The project: create tags to go on gifts or to be used as expressions of joy, thanksgiving, generosity or hope
The materials: save the tags that come on clothing items; collage them, decoupage them, add ribbon and string
This featured scholarly article provides good insight into Leonard Bernstein’s Artful Learning Model .
Many educators view the influence outside of education realms to often be questionable in terms of true support for the endeavor of public schooling (I’m thinking of the Eli Broad Foundation and the Gates Foundation and the influences, particularly philanthropic, that have taken over entire school boards, teacher training programs and nation-wide curriculum structures). Perhaps the difference is the mighty dollar—that is to say, if the philosophy is rooted in anything already purchased, promoted or paid for, can it truly be an organic improvement to our public schooling? Read the scholarly article and the contemplation will continue. . .
Most of us who flip through a magazine or catalogue within a quarter will notice trends in almost every category, from party supplies (mustaches are in! photo props and barn parties), to clothing (boho is the new black), to what you must have in your kitchen (old fashioned milk bottles and ceramic cartons that look like cardboard strawberry pails).
So from whence cometh these trends? Probably, those lucky enough to be at the top of the publishing food chain have a lot to do with it (I’m thinking of The Devil Wears Prada).
I think that it actually doesn’t matter if you create a theme to enable learning, pick up on someone else’s theme, totally emulate another person’s theme or simply notice it through subconscious intuition. What matters is that you examine it for its potential to help children connect to various areas of learning, you utilize it well in a way that helps them create mnenomic pathways and that you help them create memories to accompany their learning experiences that are pleasant.
In the last post I mentioned that celebrating an event or creating a series of lessons is made easier to facilitate, imagine, dream and engage in for the planner or teacher when there is a theme involved. With continuous references to Integrated Thematic Instruction (and its application to teacher training and outreach as well as classroom lesson planning), there is so much creative potential; however, it is important to not forget the substance behind the theme. The theme needs to be connected to the heart of some larger meaning.
For the last teacher event we coordinated, we used a Pine Cone theme. It made for fun fall decorating and festive foodies. But underneath that decor and aura, there was a metaphor for teachers to consider. That metaphor is teacher and schools as conifers.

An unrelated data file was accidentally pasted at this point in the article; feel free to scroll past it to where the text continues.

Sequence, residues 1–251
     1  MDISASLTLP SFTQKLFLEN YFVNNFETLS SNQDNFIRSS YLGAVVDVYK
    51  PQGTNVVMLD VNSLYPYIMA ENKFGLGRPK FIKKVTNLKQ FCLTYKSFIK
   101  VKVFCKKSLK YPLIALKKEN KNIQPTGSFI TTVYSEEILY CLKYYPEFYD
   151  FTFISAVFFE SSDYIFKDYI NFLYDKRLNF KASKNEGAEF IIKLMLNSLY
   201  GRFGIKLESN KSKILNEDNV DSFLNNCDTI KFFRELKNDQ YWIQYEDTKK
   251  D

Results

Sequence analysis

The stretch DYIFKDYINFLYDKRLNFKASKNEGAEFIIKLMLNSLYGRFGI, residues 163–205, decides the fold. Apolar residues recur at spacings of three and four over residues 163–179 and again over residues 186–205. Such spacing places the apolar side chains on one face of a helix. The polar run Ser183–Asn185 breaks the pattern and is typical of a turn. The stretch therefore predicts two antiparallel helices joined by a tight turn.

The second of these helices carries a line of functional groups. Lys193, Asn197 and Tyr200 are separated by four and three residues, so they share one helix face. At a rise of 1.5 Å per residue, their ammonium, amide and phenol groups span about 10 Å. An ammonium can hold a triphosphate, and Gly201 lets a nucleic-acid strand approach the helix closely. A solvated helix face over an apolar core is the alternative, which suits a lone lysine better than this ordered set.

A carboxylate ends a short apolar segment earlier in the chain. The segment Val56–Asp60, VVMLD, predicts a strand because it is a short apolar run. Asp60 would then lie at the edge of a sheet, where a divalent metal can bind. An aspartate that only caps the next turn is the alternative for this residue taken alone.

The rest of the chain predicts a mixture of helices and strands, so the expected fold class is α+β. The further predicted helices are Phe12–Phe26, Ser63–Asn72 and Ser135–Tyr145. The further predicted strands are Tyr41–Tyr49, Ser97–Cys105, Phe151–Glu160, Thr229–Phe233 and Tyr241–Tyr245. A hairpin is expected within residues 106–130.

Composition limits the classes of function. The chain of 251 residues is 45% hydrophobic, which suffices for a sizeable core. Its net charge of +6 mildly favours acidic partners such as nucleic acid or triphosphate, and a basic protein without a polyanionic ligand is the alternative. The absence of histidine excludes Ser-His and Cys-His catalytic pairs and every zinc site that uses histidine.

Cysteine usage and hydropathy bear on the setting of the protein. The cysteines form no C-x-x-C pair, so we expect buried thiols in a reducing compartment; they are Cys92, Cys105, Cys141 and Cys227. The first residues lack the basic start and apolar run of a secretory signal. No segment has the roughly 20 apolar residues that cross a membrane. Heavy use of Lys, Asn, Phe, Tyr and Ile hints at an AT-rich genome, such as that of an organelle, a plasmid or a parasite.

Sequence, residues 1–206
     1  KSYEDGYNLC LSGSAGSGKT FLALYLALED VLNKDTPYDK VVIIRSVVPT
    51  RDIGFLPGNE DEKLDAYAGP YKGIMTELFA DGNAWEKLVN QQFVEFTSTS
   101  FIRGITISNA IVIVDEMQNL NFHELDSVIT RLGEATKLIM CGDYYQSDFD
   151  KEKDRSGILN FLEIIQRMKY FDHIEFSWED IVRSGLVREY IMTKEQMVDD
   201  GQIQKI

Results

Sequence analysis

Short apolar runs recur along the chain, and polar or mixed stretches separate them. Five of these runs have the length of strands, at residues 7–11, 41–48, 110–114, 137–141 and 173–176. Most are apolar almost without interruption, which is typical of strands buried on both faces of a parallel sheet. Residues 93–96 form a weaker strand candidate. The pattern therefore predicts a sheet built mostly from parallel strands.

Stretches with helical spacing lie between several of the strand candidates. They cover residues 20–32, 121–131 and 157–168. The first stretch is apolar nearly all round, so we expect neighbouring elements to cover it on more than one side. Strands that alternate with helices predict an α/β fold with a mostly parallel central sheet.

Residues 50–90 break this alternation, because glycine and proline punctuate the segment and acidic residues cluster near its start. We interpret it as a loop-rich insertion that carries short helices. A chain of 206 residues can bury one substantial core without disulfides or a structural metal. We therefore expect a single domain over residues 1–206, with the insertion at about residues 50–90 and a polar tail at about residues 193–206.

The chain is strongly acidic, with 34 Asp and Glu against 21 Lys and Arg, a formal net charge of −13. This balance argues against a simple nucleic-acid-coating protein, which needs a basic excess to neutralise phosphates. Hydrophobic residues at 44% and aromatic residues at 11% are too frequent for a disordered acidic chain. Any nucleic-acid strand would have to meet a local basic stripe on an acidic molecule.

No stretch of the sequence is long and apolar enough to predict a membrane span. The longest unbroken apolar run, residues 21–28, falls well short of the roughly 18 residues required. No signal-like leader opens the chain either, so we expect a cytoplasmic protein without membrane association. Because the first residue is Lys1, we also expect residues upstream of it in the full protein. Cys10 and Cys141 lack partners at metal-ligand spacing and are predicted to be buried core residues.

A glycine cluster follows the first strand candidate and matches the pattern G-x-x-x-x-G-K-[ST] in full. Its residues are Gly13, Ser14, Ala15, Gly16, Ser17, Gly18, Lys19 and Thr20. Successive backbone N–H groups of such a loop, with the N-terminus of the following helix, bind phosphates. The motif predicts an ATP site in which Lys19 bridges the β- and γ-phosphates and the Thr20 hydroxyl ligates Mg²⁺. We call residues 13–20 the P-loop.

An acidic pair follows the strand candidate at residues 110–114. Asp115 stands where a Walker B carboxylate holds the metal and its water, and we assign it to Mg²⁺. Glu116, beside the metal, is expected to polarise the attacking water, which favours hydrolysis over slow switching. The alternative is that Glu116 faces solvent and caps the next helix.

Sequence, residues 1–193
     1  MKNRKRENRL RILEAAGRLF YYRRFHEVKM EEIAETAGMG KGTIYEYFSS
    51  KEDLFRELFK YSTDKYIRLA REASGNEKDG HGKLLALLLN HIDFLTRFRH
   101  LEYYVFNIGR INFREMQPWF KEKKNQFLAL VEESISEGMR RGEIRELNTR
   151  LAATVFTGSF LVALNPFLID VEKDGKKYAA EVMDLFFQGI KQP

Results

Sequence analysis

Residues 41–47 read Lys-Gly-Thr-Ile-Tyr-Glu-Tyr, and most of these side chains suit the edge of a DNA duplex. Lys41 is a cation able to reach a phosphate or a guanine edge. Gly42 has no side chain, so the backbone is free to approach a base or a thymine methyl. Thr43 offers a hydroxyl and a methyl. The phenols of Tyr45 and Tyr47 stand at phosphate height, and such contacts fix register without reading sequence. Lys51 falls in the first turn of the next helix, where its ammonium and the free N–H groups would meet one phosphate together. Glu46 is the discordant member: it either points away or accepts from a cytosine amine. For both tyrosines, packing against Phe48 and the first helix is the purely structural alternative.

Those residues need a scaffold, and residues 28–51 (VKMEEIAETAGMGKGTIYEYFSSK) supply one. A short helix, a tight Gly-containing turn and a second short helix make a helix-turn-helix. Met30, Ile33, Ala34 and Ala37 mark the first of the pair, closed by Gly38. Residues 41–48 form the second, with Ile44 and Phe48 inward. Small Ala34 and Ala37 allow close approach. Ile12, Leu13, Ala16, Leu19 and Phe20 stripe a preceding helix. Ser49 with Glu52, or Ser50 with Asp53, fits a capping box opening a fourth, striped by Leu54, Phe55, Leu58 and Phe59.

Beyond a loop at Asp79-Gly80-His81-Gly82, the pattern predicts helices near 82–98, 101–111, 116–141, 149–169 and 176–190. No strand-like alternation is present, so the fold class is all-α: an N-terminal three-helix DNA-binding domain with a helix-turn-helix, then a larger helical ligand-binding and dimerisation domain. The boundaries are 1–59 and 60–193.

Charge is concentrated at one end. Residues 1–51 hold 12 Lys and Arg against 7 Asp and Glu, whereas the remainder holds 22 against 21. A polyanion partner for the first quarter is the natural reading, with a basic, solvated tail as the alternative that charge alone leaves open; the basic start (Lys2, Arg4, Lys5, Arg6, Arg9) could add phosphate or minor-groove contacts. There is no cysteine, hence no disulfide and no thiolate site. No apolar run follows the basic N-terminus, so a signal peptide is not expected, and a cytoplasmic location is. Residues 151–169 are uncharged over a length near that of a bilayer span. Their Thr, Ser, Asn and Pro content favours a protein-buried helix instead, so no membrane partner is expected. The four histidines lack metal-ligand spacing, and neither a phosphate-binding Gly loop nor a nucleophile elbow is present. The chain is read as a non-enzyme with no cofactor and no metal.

In my opinion, the approach in education, particularly in the last two decades when there has been a need for precision in evaluating what kind of education process and setting is hitting the mark or the goal, has been too akin to a deciduous tree model. With this model the assumptions are similar to that of a flowering tree: a dormant period (for teachers and schools, this would be summertime), a period of greening, and a period of flowering (for teachers and schools this has been made the equivalent of springtime testing, with test scores as the flowers). Because this model has been manipulated to the point of losing depth in educational approach, I suggest the model of a conifer. With year-round school schedules and wrap-around services, schools really don’t have a dormant period anymore. And we all know, now, that we are not creating a bloom. . we are contributing to the development of individual pockets of potential for future growth (much like a pine cone).
No analogy is perfect, but I’m sure the gist can be easily followed here. And it can be applied to big questions in educational theory, or even examining the placement of learners and those teaching them as they are situated in the context of the world around them and the factors influencing their experience. Consider the conifer!
This week we will take a look at nuance in the philosophies we push forth in learning. Everything we do with students, every setting we create puts forth a subtext, or an underlying philosophy of our own standards of teaching and approaching the world.
What is yours? A recent meeting of teacher leaders experienced a metaphorical approach of viewing teachers and schools less like flowering trees (dormant in the summer with blossoms revealed through test scores in the spring), to that of being conifers. We celebrated teaching with this theme in mind. Stay tuned.